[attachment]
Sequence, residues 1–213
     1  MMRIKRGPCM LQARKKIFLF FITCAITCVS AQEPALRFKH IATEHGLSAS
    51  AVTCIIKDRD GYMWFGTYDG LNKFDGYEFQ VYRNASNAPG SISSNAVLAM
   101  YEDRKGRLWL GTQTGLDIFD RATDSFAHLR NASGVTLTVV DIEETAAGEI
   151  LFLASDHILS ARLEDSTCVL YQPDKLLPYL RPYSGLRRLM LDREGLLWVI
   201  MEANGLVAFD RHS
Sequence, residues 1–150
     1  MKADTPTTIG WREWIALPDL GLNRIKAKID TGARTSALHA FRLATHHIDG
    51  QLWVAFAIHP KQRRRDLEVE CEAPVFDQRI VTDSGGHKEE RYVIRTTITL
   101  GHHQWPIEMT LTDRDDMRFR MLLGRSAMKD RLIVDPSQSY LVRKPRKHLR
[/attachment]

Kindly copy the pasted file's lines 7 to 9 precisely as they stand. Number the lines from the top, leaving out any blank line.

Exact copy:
Sequence, residues 1–150
     1  MKADTPTTIG WREWIALPDL GLNRIKAKID TGARTSALHA FRLATHHIDG
    51  QLWVAFAIHP KQRRRDLEVE CEAPVFDQRI VTDSGGHKEE RYVIRTTITL